2014   Attendees


Posters in the Exhibit Hall

Posters will be located in Halls A-D of the San Diego Convention Center. Each poster board is marked with a unique posterboard number that begins with an A, B, C or D. This letter indicates the placement of the board within Halls A, B, C and D.  The A, B, C and D designation also corresponds to which Society your poster was submitted under for grouping of Society and topics.

Please note: Wednesday, April 30 -  All Poster Presentation will take place in the Convention Center in the Sails Pavilion.


Posters should be readable by viewers three feet away. Use large print and shade or color block letters when possible.   A minimum font size of 28 point and a maximum of 600 words are recommended. The message should be clear and understandable without oral explanation.

The poster-board surface area is 3'8" high and 5'6" wide. Prepare a 6" high headline strip that runs the full width of the poster. Include the title, authors, and affiliations on the strip in letters not less than 1" high. Post a large-typed copy of your abstract in the upper left-hand corner, including the program number (this is found in the Program and may be entered at the meeting).  Remember to leave space on the board for colleagues to leave notes and include an email address for viewers to contact you later. 

The following guidelines will help improve the effectiveness of your poster communication:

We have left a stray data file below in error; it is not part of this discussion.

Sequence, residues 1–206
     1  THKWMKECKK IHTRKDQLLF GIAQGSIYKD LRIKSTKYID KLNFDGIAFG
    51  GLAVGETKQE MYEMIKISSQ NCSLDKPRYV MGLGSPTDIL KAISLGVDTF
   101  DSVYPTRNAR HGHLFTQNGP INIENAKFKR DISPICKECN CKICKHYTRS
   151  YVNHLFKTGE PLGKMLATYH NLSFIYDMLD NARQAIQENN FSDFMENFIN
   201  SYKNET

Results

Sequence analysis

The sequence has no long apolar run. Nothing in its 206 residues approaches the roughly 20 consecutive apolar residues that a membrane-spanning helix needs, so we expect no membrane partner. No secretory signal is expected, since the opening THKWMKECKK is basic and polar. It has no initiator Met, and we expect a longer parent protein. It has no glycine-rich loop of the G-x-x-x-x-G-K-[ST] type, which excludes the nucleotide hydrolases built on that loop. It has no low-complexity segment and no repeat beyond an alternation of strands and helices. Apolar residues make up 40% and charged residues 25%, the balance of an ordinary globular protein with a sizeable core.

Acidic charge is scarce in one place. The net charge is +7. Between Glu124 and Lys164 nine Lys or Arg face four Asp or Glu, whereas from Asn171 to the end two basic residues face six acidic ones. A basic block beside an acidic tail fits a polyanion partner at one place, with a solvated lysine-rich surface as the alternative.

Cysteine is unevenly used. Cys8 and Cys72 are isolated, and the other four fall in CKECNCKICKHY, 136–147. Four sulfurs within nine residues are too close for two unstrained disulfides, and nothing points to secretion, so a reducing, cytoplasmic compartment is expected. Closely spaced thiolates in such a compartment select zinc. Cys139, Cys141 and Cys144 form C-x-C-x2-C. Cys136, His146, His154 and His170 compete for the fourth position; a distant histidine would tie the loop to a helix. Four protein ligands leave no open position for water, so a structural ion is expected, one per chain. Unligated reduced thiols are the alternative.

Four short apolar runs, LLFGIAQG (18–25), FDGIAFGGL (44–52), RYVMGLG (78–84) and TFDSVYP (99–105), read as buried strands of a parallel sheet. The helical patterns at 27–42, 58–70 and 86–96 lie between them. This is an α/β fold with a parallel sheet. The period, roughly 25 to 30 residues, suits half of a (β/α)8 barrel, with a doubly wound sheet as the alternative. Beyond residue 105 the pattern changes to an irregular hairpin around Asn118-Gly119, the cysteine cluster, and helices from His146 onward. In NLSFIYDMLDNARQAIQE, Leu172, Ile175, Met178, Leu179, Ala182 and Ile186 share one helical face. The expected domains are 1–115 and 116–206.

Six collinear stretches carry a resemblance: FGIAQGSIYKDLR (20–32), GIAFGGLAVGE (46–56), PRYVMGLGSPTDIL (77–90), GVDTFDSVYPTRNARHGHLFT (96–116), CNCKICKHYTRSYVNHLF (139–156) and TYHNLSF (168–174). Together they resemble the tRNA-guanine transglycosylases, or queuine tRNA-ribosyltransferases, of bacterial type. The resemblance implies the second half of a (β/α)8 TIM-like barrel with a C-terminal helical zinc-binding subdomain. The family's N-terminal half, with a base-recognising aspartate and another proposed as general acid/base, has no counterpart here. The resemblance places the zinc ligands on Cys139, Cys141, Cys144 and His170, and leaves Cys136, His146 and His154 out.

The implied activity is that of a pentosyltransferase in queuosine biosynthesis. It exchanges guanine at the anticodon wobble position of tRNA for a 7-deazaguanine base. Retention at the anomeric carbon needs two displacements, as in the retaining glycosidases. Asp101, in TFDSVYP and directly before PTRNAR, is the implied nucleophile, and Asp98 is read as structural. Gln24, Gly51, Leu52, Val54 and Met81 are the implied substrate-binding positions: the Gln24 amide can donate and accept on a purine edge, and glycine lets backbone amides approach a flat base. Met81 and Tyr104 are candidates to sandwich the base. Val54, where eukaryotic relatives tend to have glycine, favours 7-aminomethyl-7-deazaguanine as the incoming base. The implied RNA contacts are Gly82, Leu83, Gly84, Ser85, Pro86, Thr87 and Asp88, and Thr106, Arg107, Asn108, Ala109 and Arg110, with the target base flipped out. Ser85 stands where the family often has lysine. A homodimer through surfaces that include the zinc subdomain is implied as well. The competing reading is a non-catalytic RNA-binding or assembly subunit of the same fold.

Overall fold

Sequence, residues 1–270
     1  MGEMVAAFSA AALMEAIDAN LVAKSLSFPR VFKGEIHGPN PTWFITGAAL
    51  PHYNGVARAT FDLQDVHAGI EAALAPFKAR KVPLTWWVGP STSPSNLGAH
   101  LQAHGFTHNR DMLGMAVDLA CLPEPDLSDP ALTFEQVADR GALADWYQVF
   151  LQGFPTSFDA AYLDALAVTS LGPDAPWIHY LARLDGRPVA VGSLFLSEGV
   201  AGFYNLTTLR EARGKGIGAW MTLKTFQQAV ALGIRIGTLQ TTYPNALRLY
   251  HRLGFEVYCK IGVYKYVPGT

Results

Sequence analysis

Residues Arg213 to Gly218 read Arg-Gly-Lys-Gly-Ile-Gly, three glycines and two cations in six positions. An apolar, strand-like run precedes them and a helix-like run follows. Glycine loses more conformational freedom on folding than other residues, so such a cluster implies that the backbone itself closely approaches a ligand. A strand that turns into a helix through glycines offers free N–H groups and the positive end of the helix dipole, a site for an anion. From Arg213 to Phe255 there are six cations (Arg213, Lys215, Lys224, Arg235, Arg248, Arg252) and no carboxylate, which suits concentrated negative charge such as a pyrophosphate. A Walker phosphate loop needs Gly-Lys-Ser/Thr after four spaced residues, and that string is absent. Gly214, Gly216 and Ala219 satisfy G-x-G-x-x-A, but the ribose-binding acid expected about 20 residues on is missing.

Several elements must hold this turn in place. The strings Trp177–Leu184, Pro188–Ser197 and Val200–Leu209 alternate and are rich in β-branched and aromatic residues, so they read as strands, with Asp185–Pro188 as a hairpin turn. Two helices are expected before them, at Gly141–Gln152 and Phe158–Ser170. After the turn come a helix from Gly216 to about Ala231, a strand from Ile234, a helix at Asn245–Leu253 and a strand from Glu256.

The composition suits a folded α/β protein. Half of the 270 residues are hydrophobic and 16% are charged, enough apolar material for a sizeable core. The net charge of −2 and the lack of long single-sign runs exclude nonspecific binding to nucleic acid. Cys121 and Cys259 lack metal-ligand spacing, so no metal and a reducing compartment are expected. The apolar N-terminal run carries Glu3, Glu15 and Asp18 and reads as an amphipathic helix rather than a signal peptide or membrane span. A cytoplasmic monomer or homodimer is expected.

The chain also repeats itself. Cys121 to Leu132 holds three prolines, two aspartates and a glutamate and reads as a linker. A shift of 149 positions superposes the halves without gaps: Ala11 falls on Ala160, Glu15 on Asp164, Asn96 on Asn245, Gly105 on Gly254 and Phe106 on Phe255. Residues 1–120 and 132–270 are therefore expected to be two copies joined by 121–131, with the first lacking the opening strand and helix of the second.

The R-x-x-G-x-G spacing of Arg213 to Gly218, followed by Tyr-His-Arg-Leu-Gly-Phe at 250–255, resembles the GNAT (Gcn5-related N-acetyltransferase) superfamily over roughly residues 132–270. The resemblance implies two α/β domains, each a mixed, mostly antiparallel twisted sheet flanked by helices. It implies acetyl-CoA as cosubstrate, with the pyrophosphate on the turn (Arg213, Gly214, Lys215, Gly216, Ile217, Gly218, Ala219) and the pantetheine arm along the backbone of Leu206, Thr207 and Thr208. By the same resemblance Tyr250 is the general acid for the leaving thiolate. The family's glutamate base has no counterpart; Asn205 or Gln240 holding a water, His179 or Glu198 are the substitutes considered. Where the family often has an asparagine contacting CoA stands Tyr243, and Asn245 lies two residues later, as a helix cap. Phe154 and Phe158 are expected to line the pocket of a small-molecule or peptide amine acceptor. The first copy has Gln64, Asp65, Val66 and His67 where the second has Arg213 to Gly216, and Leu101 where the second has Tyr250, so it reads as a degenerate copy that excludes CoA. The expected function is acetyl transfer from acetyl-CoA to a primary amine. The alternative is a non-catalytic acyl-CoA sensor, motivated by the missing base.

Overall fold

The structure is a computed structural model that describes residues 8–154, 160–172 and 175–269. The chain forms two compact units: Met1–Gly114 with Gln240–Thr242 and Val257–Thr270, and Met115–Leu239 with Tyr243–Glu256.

Initial Sketch

Plan your poster early. Focus your attention on a few key points that follows the main headings in your abstract typically Purpose, Methods, Results, and Conclusion.

Rough Layout

Enlarge your best initial sketch, keeping the dimensions in proportion to the final poster (see diagram). Ideally, the rough layout should be full size. A blackboard is a convenient place to work. Print the title and headlines. Draw rough graphs and tables.

Final Layout

The artwork is now complete. The text and tables are typed. Now ask, is the message clear? Do the important points stand out? Is there a balance between words and illustrations? Is there spatial balance? Is the flow from Purpose, Methods, Results and Conclusion easy to follow?


The figures and tables should cover slightly more than 50% of the poster area. If you have only a few illustrations, make them large. Do not omit the text, but keep it brief. The poster should be understandable without oral explanation.


Avoid abbreviations, acronyms, and jargon. Use a consistent font throughout. An 81/2" x 11" sheet of paper enlarged 50% makes the text readable from a distance of three to five feet.

Eye Movement

The movement of the eye over the poster should be natural, down the columns or along the rows. Size attracts attention. Arrows, pointing hands, numbers, and letters can help clarify the sequence.


Resist the temptation to overload the poster